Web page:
This week: a bad coach gets paid, then insulted; a bad quarterback gets optimistic; another bad quarterbcak gets a cunning plan; a bad play gets Matt Ryan irked; a bad play gets burned; and Jets and Raiders fans get drunk.
08 Sep 2004
interviewed by Aaron Schatz
Since Will Carroll began writing about baseball injuries, the word "medhead" has been added to the sports fan lexicon next to the word "stathead." Carroll writes the daily Under the Knife column for Baseball Prospectus, as well as hosting the weekly syndicated program Baseball Prospectus Radio, and is the author of the book Saving the Pitcher. After appearing on BP Radio last week (archived mp3 to be available shortly, we hope) I asked him to extend his medical knowledge from the diamond to the gridiron.
Football Outsiders: Let's start with the labrum, a subject you have written about extensively. It shatters the careers of pitchers. Yet Rich Gannon says he feels "better than ever." Do you think the labrum injury is going to effect him, and if the effect is small or nonexistent why does the torn labrum ruin throwing a baseball but not a football?
Carroll: The difference is in the mechanics. The football throw is not the same mechanical beast we see in the baseball throw. The mechanics are much more reliant on hip turn and arm extension -- which oddly sounds like Tom House. Granted, Tom also coached QBs for a long time, so it's not completely dissimilar. Using good football mechanics, the humeral head doesn't rotate as much, keeping the labrum from involvement. I'd also guess that most QBs are stronger through the shoulder girdle than most baseball pitchers.
Football Outsiders: Roosevelt Colvin is attempting to come back from a broken hip, an injury very similar to the one that ended Bo Jackson's football career. What is the outlook for recovery from this injury? Will he be productive this season? Will he ever be as good as he was before the injury? How has medicine changed in a decade so that Colvin, unlike Jackson, can play football again?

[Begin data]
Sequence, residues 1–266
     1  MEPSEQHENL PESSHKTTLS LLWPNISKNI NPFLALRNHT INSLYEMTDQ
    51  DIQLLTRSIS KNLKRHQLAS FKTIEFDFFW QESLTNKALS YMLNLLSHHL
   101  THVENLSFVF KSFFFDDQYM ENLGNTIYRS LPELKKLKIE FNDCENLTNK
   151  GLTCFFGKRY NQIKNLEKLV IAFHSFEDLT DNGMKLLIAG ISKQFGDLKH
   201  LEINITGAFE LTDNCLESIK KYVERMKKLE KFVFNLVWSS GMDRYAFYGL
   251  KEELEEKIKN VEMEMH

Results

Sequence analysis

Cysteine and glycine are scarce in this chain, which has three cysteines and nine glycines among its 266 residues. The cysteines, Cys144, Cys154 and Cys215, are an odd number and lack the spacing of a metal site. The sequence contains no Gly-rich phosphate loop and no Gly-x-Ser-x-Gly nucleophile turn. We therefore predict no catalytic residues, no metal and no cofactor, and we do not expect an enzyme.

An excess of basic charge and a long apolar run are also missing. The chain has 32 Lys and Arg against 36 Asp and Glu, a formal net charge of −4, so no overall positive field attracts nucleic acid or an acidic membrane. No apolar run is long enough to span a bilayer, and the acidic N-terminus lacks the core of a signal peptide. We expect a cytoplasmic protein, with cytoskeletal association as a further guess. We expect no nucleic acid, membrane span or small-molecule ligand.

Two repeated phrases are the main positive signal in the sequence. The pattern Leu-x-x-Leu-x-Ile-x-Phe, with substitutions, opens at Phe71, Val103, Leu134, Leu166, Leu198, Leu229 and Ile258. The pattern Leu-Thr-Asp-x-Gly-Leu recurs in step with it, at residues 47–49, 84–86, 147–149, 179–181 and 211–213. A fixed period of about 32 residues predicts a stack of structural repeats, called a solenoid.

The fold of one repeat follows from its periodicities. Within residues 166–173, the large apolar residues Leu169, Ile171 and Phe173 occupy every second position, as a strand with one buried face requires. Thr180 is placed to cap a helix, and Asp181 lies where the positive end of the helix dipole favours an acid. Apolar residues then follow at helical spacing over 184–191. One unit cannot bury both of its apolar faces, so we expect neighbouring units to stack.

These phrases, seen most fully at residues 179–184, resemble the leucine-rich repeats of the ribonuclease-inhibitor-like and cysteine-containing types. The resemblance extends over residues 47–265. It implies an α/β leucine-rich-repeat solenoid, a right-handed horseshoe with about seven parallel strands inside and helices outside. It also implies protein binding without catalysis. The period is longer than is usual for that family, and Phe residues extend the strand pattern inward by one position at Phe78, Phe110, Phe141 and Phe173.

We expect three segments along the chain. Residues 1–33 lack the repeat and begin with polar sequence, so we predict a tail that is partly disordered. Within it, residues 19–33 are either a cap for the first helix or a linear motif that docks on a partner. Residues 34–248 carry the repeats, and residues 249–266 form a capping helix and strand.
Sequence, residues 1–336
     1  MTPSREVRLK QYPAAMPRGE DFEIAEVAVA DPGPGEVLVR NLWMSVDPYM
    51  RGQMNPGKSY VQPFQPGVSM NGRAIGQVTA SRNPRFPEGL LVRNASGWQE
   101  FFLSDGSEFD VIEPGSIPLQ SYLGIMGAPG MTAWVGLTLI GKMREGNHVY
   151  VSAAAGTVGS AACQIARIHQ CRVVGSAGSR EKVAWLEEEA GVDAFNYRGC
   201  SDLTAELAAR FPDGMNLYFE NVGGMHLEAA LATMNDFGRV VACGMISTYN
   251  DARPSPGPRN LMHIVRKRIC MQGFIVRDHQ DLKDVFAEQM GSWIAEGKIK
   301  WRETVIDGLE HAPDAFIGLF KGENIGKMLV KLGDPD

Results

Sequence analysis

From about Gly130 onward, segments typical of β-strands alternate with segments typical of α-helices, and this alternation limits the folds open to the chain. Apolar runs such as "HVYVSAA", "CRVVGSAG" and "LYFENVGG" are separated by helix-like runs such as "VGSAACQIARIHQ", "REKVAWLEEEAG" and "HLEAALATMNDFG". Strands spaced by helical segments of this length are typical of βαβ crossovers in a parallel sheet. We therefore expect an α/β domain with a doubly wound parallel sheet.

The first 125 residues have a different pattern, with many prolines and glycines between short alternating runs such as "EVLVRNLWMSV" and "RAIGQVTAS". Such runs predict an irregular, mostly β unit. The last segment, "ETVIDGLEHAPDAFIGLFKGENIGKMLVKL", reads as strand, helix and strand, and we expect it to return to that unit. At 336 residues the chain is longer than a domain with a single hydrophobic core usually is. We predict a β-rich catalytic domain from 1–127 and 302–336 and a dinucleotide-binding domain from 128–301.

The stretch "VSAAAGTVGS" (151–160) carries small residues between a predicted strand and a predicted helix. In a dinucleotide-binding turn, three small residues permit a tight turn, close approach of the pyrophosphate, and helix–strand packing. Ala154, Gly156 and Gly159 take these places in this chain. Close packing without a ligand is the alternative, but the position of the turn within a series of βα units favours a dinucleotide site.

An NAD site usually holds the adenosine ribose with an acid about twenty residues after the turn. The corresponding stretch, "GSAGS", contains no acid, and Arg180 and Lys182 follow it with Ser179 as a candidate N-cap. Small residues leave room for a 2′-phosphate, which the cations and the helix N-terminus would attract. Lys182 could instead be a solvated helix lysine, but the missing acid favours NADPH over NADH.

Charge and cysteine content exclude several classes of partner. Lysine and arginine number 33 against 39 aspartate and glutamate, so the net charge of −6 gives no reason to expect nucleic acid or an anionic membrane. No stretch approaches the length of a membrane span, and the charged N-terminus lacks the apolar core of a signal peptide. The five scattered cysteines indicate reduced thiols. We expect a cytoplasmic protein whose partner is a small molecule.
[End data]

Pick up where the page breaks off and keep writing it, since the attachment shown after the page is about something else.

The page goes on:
Carroll: Remember, it has been more than a decade since Bo's injury. Technology and medical science are way better. Colvin's injury is more analogous to Mark Mulder's injury than Bo Jackson's. Bo had the complication of avascular necrosis (the bone literally died) and had to be replaced. Colvin is simply recovering from a fracture. Those, we know, heal on a predictable schedule and can be helped by new techniques and medicines. I don't know what was done with Colvin, but there's no reason to think his hip is not sound nor any more likely to be broken than any other. I'm unsure if he'll be what he was, simply due to the difficulty in assessing this in isolation, but it wouldn't surprise me, especially in that system.
Football Outsiders: DeAngelo Hall, the Falcons' #1 draft pick, also fractured his hip in the preseason, although from what I read it is a less severe fracture. How does a fracture like Hall's differ from a fracture like Colvin's? Is the Atlanta prediction of 6-10 weeks accurate?
Carroll: Hall's fracture is small and non-articular. It's simple carpentry at this point -- small cracks are easier to fix than big. They take less structural integrity, less healing, and affect other structures less. I'd lean towards the latter of that prediction, but this is a frontier injury -- we don't have much data.